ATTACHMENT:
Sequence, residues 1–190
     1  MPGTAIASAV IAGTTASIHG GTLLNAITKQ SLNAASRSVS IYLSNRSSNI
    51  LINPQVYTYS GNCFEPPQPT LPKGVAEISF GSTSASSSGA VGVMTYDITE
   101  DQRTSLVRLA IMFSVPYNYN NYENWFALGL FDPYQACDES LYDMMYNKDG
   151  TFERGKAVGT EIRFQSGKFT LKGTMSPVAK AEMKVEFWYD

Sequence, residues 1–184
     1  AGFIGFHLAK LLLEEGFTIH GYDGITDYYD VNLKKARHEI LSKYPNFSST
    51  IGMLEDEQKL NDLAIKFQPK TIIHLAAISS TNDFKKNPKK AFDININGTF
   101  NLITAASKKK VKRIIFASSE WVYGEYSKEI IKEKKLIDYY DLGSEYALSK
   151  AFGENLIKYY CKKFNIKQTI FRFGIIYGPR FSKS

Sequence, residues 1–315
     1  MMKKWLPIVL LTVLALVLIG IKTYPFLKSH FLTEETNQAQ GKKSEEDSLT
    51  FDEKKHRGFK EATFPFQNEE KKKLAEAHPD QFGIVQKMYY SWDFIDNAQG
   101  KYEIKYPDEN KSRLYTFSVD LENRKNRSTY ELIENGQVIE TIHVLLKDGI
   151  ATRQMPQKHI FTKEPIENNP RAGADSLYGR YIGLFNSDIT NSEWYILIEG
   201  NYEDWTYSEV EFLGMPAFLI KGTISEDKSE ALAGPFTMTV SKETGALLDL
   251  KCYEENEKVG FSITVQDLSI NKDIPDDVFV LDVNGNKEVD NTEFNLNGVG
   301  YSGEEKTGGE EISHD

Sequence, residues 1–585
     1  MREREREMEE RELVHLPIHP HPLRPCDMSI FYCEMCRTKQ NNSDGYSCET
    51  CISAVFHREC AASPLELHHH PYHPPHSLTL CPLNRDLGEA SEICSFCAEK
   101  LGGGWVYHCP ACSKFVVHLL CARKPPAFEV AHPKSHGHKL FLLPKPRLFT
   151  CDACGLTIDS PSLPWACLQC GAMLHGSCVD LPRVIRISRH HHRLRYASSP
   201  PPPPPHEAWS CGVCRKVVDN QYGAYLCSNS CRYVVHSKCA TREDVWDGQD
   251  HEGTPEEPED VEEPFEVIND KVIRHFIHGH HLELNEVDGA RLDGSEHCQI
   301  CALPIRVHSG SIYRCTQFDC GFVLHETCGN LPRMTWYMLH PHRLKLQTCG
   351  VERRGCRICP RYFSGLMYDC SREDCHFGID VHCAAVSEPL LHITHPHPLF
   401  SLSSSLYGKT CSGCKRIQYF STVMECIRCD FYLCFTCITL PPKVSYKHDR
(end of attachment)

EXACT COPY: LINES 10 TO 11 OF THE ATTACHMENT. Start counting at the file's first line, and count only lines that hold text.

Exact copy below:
   151  AFGENLIKYY CKKFNIKQTI FRFGIIYGPR FSKS

Sequence, residues 1–315